J. Cole Saves His Best Verse Of The Year For A Collabo With Rapsody (Audio)
J. Cole is on an incredible run in 2018. April’s KOD album is a top-tier contender for this year’s best albums. In an era marred by overdose and self-medication, the LP offers powerful commentary to millions of listeners that could benefit. Furthermore, infidelity, vanity, greed, and a generational chasm in Rap music are addressed with nimble bars that never feel like preaching. Apart from his #1 project, the Dreamville leader has not been stingy with dropping top-quality material on releases from peers. This batch of work includes spots on Royce 5’9’s The Book Of Ryan care of video single “Boblo Boat” (a visual Cole even directed). Additionally, Heads can find J’s verses on LPs by Bas, Cozz, Jay Rock, and 6LACK.
Today, Cole gives one of his best verses of the year to a peer who had one of ’17’s finest full-lengths: Rapsody. Along with its incredible lyrics, “Sojourner” is a buttery smooth track produced by 9th Wonder, who utilizes a classic breakbeat to give the joint that vintage vibe. This marks a big moment for North Carolina, as it unites the three of the most influential Hip-Hop artists ever to come out of the state.
Cole sparks the song with a sung hook that complements the bass line. He then launches into arguably best guest verse of 2018, which tackles a number of the rapper’s personal issues and fears. His commentary is potent on a personal level, as well as in the genre of Rap: “Born into pain, alcoholic veins Over-analytical brain a product of the shame / And runnin’ from a past, that’s checkered like the game / Somewhere ‘long the way somebody snatched my peace and main / Maybe that’s the reason I spent decades seekin’ fame / And fortune hopin’ that a proper portion would contain / The sadness in my eyes, remember when I came In this music business, all their questions was insane / ‘Why you never smile in your pictures?’ I refrain / From givin’ you the answer ’cause that answer wasn’t plain / Enough for me to see ’cause at the time I knew my name / But didn’t know myself, and so I dealt with sh*t the same / As a fugitive, but running from the truth and sh*t, I shoot the sh*t with ni**as, but they never loop the sh*t that’s hidden deep / Within the crevices like ever since I was a child / Seen my mama with the pistol pointed at her dome and how / In the f*ck do you expect for me to ever be the best lil’ me / That I can be,” he raps.
Moments later, Cole spits, “Just heard these kids don’t know about Malcolm / And I’m sorta heart broken / ‘Cause our elders lost hope in / Our youth, and here I sit dead in the middle / Not a little / Boy no more, but not quite old yet / Waking up in cold sweats / Scared that I’m too disconnected from the kids perspective / The world ain’t got no patience for some sh*t that’s introspective.” Like 2018’s “FRIENDS” and “Motiv8,” this showing is fertile with life application.
Never one to be outdone, Rapsody goes in after Cole with heavy words: “I got an Audi and it’s bad / I said that line ‘cause ni**as only respect you if you brag / It don’t work on me the same, don’t give a f*ck about what you have / Everybody claiming boss, know you ni**as don’t got no staff / It don’t measure up the same, what’s a quarter to a half / Of a whole lot of problems? Who taught you to add / Where I’m from we don’t recognize that as good math / If you don’t teach the ones that’s coming up to multiply their cash.” 9th drops out the drums for the beginning of Rapsody’s stanza. It is an effective method to accentuate this gifted MC’s words.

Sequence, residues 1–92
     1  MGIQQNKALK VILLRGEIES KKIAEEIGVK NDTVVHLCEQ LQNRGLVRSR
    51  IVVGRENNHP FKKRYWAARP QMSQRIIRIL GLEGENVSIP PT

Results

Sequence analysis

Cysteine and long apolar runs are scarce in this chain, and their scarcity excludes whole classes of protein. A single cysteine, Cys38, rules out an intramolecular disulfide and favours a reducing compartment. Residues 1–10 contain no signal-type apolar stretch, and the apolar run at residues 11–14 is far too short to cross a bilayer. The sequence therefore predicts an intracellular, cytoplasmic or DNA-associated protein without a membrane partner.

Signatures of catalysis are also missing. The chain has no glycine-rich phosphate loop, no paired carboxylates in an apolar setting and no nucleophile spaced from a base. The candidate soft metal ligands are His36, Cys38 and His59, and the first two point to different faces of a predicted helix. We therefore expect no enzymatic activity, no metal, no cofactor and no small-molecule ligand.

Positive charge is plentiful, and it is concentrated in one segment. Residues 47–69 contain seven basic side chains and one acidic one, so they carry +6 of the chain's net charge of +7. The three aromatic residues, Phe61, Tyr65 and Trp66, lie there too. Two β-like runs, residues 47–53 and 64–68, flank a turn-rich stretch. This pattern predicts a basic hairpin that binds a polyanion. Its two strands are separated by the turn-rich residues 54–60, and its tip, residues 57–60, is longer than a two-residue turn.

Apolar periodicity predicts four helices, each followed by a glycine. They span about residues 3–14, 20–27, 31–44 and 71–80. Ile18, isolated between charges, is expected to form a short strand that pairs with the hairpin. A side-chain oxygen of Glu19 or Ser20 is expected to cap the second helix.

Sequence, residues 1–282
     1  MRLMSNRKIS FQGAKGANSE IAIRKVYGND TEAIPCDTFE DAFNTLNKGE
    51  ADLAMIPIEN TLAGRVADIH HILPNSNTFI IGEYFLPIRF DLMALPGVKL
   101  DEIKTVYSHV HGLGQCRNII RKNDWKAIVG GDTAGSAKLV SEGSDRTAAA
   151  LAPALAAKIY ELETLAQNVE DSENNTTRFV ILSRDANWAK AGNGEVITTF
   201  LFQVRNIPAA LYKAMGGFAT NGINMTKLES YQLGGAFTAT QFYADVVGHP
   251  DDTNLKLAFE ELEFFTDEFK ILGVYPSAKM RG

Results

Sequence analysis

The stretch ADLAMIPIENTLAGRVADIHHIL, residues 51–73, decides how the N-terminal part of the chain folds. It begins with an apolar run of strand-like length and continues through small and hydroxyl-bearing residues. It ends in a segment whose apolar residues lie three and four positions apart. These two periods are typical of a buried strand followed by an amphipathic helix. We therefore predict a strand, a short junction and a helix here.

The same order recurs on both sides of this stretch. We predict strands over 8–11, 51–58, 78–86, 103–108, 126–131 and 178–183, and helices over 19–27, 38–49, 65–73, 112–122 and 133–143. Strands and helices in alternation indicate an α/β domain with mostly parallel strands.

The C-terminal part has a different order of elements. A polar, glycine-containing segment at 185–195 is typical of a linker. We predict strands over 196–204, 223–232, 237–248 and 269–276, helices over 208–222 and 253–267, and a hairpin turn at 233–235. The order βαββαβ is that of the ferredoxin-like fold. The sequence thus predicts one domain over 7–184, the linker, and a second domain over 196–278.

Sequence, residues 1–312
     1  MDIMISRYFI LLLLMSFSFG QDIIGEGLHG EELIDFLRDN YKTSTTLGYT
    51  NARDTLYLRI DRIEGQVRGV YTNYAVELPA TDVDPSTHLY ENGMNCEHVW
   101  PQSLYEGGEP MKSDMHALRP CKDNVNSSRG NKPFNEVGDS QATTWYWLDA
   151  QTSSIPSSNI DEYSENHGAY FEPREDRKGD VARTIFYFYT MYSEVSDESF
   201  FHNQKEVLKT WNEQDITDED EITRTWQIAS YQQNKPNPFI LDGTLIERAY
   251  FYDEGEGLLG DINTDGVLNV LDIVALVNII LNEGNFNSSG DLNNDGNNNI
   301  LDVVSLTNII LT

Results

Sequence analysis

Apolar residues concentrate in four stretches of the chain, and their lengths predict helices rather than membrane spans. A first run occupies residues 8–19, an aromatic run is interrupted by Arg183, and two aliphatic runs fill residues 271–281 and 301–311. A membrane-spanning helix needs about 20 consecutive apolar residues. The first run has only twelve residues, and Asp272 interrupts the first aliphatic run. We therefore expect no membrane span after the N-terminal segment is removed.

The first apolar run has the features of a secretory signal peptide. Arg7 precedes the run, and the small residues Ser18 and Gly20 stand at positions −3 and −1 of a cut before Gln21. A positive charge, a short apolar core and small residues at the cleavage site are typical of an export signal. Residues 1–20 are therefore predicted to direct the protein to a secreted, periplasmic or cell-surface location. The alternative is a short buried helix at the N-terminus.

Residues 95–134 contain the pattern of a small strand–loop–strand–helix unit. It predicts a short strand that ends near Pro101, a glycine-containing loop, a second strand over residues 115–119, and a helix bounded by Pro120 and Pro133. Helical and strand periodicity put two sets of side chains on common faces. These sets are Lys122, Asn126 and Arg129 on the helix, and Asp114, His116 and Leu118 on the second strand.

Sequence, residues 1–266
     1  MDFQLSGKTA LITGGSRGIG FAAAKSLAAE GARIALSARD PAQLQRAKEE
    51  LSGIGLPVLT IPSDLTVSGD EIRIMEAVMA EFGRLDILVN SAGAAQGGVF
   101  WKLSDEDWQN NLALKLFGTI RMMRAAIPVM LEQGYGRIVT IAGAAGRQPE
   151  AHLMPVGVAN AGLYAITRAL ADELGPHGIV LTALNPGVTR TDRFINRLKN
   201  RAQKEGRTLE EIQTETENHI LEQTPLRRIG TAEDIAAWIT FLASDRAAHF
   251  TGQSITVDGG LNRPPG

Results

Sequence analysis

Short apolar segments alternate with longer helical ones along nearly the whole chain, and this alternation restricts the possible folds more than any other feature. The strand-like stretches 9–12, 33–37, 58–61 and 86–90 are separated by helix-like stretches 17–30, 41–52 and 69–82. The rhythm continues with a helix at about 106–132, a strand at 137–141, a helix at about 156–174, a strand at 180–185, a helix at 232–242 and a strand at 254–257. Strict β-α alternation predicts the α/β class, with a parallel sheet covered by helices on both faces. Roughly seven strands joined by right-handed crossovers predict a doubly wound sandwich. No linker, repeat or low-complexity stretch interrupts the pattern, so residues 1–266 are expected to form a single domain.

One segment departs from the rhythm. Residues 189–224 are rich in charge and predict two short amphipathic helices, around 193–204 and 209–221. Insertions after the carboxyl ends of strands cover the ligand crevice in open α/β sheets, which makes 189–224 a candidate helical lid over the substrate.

This song is the first glimpse from the Jamla Is The Squad 2 (November 9). The label compilation from 9th’s newest and most renowned imprint looks like it raises the stakes for the team. Busta Rhymes, Black Thought, Big K.R.I.T., Pharoahe Monch, J.I.D., David Banner, SiR, and Conway The Machine will collaborate with Jamla’s team. Since the first volume, the squad now includes Jericho Jackson (Elzhi & Khrysis) and Reuben Vincent.
According to 2DopeBoyz, the Jamla Is The Squad 2 tracklist is as follows:
“Welcome to Jamroc” f. Reuben Vincent, Ian Kelly, Heather Victoria, GQ & Rapsody<
“Need to Exist” f. Actual Proof
“Crazy” f. Pharoahe Monch
“No False Moves” f. Reuben Vincent & GQ
“Machine & McQueen” f. Jericho Jackson & Conway
“Ya Heard Me” f. Don Flamingo
“Japan” f. Heather Victoria
“I Spy” f. King Draft & CJ Fly
“You Know I Gotta” f. Reuben Vincent
“Jumpin” f. Busta Rhymes
“Cojiba” f. Black Thought
“Good to Me” f. Amber Navran
“Do Something” f. Ian Kelly & Swank
“Sojourner” f. Rapsody & J. Cole
“Nothing Greater” f. SiR
“P.A.N.” f. GQ
“Shine” f. ThHappyHr
“Knocking At My Dope” f. Big K.R.I.T, Jakk Jo & David Banner
“Redblue” f. Rapsody & J.I.D
“One Love” f. Heather Victoria
“See It Through” f. Actual Proof
“Goodfellas” f. Niko Brim, Swank, Charlie Smarts, GQ & Rapsody
Rapsody, Cole, and 9th Wonder are each currently included on Ambrosia For Heads‘ official playlist.
#BonusBeat: A recent TBD argument by Justin “The Company Man” Hunte why J. Cole’s KOD may already be the album of 2018: